House panel OKs bill to lower age of criminal liability to 9 years old

MANILA, Philippines (4th UPDATE) – The House committee on justice approved the bill that would lower the minimum age of criminal responsibility from 15 years old to 9 years old.

On Monday, January 21, the justice panel gave its thumbs up to the substitute bill that would amend Republic Act (RA) 10630, the law that currently retains the minimum age of criminal liability at 15 but allows children as young as 12 to be detained in youth care facilities or Bahay Pag-asa for serious crimes only such as rape, murder, and homicide, among others.

RA 10630 previously amended RA 9344 or the Juvenile Justice and Welfare Act of 2006, which sets the age of criminal responsibility at 15 years old.

The still unnumbered House bill would mandate that children 9 to 14 years old who will commit serious crimes – such as murder, parricide, infanticide, serious illegal detention, carnapping, and violation of the Comprehensive Dangerous Drugs Act of 2002 – be subjected to "mandatory confinement" for rehabilitation at Bahay Pag-asa.

House justice panel chairperson and Oriental Mindoro 1st District Representative Salvador Leachon said the bill primarily seeks to protect children from being used by syndicates to commit crimes. (READ: Children in conflict with the law: Cracks in Juvenile Justice Act)

“Let it be understood that with the present bill, we are not putting these children in jail but in reformative institutions to correct their ways and bring them back to the community. They are not branded as criminals but children in conflict with the law,” said Leachon.

“Reformative institutions do not punish individuals but instead, they were established to help the children to be integrated back to the community after they have committed criminal acts,” he added. (READ: When 'Houses of Hope' fail children in conflict with the law)

No less than Speaker Gloria Macapagal Arroyo is backing the lowering of the minimum age of criminal responsibility to 9 years old. RA 9344 was signed into law when Arroyo was still president. (READ: Senate to begin hearing bills on lowering age of criminal liability)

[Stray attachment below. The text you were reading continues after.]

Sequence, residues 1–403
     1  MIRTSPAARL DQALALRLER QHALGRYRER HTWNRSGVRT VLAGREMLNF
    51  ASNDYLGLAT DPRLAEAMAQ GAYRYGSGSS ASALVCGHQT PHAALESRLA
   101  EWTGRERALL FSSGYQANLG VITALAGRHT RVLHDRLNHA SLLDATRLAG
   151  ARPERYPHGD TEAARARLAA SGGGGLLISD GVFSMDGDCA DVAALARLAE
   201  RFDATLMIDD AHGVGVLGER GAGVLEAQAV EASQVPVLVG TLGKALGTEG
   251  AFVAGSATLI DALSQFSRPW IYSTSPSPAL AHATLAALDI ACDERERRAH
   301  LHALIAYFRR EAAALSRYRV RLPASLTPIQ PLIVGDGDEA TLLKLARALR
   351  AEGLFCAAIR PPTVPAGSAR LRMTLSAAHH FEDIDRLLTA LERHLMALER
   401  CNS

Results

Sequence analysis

Arroyo called for an executive session with the justice commitee members before the bill was put to a vote. Leachon said lawmakers were asked what their last-minute concerns about the bill were.

What are the bill’s highlights? Leachon listed several key points of the bill during his opening statement:

Who rejected the bill? Agusan del Norte 1st District Representative Lawrence Fortun was the lone justice panel member who voted no during the hearing on Monday.

It was Deputy Speaker Fredenil Castro who first moved to approve the substitute bill. Gabriela Representative Arlene Brosas and Antonio Tinio of the Alliance of Concerned Teachers tried to object to the vote, but Leachon explained they do not have the power to do so, as they are not official members of the committee.

Leachon then repeated Castro's motion. When no other committee member objected, Leachon approved the bill. 

After Leachon slammed his gavel to symbolize the approval of the measure, Fortun expressed his opposition to it.

Agri Representative Orestes Salon later withdrew his yes vote, but only after the hearing was adjourned.

Who voted yes? Out of the 25 lawmakers who registered their vote for the bill, only 6 are justice panel members. The rest are ex-officio members. Ranking members of the House – the Speaker, Majority and Minority Leaders, and their deputies – automatically become members of other committees.

Out of the 6 justice panel members, only Fortun said no to the measure.

Here are the names of the lawmakers who did not object to Castro's motion, which means they are backing the bill:

Justice committee members:

Ex-officio members:

 Rappler.com

Mara Cepeda

Mara Cepeda writes about politics and women’s rights for Rappler. She covers the House of Representatives and the Office of the Vice President. Got tips? Send her an email at mara.cepeda@rappler.com or shoot her a tweet @maracepeda.

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